Rice anthropologists draw attention to the fate of Okjökull glacier — and the worsening impacts of climate change.

Last August, after a chilly two-hour hike up rocky terrain on an Icelandic shield volcano, Associate Professor Cymene Howe and Professor Dominic Boyer joined nearly 100 others, including children, to memorialize Okjökull, Iceland’s first named glacier lost to climate change.

Photos by Amy McCaig

The unveiling of a monument on the site of the former glacier was a symbolic gesture, but it attracted political and media attention from around the world. At the gathering, Icelandic Prime Minister Katrín Jakobsdóttir and Mary Robinson, former president of Ireland and United Nations High Commissioner for Human Rights, offered solemn remarks and ominous warnings. “We see the consequences of the climate crisis,” Jakobsdóttir said. “We have no time to lose.” 

The two anthropologists traveled to Iceland for the Aug. 18 ceremony because they were responsible for the work that led to the memorial. Howe is the principal investigator for the project “Melt: The Social Life of Ice at the Top of the World,” which she conducted with Boyer, examining the cultural impacts of climate change. Howe and Boyer also produced the 2018 documentary “Not Ok,” which warned that scientists fear all of Iceland’s 400-plus glaciers will be gone by the turn of the next century.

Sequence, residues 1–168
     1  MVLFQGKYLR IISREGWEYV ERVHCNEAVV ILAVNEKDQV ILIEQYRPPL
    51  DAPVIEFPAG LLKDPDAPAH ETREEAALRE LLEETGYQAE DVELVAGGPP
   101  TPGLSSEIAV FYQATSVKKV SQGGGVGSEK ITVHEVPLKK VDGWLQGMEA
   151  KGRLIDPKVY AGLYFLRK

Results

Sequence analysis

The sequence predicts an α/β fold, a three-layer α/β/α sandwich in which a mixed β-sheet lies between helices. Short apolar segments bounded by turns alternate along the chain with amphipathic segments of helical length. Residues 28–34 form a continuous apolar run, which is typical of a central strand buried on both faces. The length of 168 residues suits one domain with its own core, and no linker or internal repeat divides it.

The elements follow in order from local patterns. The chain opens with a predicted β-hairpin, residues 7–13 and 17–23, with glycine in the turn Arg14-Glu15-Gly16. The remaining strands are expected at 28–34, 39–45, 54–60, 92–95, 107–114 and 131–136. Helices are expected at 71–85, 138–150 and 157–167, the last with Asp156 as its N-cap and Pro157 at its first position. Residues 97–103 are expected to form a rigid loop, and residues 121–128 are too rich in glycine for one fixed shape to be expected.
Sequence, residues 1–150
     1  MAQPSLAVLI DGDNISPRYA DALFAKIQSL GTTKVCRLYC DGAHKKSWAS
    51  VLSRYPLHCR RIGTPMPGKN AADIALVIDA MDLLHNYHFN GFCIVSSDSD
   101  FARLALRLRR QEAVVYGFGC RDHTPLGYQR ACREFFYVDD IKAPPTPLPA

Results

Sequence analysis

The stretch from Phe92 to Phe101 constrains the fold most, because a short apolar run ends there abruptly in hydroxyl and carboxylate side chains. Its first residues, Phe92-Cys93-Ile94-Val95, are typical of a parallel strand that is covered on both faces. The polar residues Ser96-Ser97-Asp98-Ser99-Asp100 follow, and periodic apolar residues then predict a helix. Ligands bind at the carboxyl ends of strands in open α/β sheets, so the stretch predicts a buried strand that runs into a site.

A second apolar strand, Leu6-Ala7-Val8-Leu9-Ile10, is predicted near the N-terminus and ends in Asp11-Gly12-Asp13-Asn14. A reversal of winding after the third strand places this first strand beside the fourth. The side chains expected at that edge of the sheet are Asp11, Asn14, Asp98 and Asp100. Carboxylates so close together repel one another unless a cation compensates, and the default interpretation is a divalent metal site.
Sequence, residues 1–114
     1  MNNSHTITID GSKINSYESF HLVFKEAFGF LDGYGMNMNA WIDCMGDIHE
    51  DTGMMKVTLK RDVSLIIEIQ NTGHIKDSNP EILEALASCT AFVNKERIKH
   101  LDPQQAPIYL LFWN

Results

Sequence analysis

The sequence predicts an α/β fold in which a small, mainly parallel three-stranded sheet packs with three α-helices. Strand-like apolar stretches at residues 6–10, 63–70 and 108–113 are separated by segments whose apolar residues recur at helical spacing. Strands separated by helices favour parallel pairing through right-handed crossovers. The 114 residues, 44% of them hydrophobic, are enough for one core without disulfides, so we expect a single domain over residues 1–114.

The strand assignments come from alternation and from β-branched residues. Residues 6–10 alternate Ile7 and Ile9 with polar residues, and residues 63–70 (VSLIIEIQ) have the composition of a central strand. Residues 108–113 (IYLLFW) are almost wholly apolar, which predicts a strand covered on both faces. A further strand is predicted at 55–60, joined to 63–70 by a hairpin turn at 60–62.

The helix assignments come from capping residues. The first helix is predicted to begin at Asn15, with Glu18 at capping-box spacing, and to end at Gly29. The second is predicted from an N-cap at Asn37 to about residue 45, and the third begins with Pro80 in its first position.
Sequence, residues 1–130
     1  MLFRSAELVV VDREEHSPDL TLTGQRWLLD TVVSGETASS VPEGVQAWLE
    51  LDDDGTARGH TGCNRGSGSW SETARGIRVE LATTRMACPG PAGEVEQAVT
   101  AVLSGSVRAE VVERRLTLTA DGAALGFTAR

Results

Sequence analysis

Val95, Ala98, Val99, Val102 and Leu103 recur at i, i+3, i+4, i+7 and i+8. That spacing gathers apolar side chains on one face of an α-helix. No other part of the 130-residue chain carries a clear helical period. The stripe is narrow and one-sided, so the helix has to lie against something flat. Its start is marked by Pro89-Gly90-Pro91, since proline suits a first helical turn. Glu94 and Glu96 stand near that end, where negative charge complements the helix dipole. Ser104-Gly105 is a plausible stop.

“When we’re talking about global warming and climate change, it’s often abstract,” Howe said. “A memorial, however, is an emotional act and a physical symbol of the losses we are seeing. Everywhere in the world people recognize the power of memorials. This one is to show how dramatically our natural world is changing.” Among the speakers at the memorial was glaciologist Oddur Sigurðsson, who determined in 2014 that Okjökull (“Ok glacier” in Icelandic) no longer met the criteria to be classified as a glacier. Howe and Boyer hope the international interest drawn by the memorial ceremony will raise awareness about the decline of Iceland’s glaciers and the impact of climate change. “It is a call to action, not more empty promises,” Howe said.

Boyer said an obsession with expansion and growth is the core problem that has to be addressed. “What we really need now is more than just post-oil energy,” he said. “What we learned from our previous research project on wind power in Mexico is that it is possible to implement renewable energy projects with very colonial and extractivist values. We need a civilization oriented instead by cultural values of humility and sustainability.”

Share